8 June North Carolina House approves bill that keeps fracking moratorium in place. North Carolina's House approved a fracking policy Friday that keeps in place a moratorium on shale gas exploration until at least March 2015, and includes a number of public protections and environmental safeguards. Raleigh News & Observer, North Carolina.

8 June Love that dirty water, swimming in Boston’s Charles River. Boston’s Charles River was once so polluted with sewage, and industrial waste that people who accidentally fell in were advised to get a tetanus shot. Now, after decades of cleanup, the river is host to an annual swim. Living On Earth.

8 June House panel approves coal ash bill, offering clarification of EPA authority. A House Energy and Commerce subcommittee approved legislation June 6 that would settle a debate at EPA on whether to regulate coal ash generated by power plants as either a hazardous waste or a nonhazardous waste. Several coal ash recycling groups told BNA they were pleased. Bloomberg BNA.

8 June Tennessee organic farm sold pesticide-laden produce but says it told customers. A prominent Middle Tennessee farm that bills itself as 100 percent organic has purchased an array of vegetables and fruit from Mennonite farmers who spray pesticides on their produce. Tennessean, Tennessee.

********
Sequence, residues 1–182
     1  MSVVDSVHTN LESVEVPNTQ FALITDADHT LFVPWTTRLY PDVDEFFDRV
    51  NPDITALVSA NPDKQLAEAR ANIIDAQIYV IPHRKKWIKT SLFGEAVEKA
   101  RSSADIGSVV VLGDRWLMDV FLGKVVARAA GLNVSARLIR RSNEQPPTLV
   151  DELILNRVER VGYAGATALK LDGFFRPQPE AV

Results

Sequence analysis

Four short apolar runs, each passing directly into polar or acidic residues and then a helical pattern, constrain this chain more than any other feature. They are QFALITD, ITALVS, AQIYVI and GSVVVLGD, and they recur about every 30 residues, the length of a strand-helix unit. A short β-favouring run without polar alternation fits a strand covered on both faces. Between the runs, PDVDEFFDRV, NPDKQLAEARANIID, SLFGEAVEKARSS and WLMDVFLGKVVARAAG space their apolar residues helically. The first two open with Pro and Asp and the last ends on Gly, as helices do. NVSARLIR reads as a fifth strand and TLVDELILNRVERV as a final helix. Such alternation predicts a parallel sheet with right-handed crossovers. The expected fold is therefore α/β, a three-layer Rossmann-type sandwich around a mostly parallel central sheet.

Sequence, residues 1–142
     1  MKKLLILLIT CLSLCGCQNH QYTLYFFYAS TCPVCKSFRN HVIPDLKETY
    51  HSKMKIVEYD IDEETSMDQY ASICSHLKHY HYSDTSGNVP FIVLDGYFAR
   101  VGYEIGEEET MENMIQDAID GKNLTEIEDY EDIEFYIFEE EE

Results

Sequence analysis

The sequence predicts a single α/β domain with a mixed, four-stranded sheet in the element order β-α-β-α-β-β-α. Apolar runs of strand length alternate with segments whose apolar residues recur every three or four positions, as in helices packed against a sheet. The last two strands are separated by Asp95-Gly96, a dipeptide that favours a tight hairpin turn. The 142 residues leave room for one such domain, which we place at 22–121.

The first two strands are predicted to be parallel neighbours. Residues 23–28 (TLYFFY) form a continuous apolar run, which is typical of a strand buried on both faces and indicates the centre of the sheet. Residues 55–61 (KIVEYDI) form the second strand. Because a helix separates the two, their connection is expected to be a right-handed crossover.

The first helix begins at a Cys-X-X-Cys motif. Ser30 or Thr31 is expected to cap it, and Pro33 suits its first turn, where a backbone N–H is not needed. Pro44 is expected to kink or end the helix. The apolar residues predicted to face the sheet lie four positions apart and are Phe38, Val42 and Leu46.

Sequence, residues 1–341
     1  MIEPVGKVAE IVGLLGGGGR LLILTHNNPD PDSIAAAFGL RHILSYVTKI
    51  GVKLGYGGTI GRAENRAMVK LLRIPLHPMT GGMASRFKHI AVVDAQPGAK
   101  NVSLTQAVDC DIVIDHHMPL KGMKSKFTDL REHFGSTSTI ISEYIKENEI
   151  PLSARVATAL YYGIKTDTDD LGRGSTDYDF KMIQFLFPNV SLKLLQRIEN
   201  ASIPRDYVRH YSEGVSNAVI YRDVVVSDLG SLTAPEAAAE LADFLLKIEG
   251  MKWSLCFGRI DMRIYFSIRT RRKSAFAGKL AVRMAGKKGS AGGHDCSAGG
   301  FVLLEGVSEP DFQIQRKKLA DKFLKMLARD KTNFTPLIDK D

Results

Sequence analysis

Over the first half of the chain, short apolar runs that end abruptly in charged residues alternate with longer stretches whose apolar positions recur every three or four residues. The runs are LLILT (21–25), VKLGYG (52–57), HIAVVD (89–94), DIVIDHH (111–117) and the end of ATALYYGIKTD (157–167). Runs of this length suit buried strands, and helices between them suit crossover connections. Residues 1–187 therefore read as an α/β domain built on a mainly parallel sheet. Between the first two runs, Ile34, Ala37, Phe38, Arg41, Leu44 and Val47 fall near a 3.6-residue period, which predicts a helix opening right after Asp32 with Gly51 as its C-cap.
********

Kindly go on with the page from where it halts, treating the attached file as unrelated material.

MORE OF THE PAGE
8 June Attorney: Provision threatens lead paint suits. A Milwaukee attorney is angry over a provision recently adopted by the state Legislature's budget committee that would further tighten Wisconsin's civil litigation rules. Associated Press.

8 June Southern California agency softens beach bonfire regulation. In a near about-face, the local air pollution district softened its proposed ban on beach bonfires Friday after both Orange and Los Angeles County boards of supervisors sent letters to the district opposing the ban. San Gabriel Valley Tribune, California.

8 June Utah targets hair spray for emission reductions. Utah's air quality regulators have taken a final step to ban the sale of aerosols like hair spray with high concentrations of hydrocarbons, raising the hackles of beauty salon owners.Associated Press.

8 June In Alaska's oilfields, drones countdown to takeoff. No pilot was required when the Aeryon Scout took off into the leaden skies of Alaska to inspect a stretch of oil pipeline. The miniature aircraft was guided by an engineer on the ground, armed only with a tablet computer – a glimpse of a future in which oil and gas companies in the Arctic can rely on unmanned aircraft to detect pipeline faults. Reuters.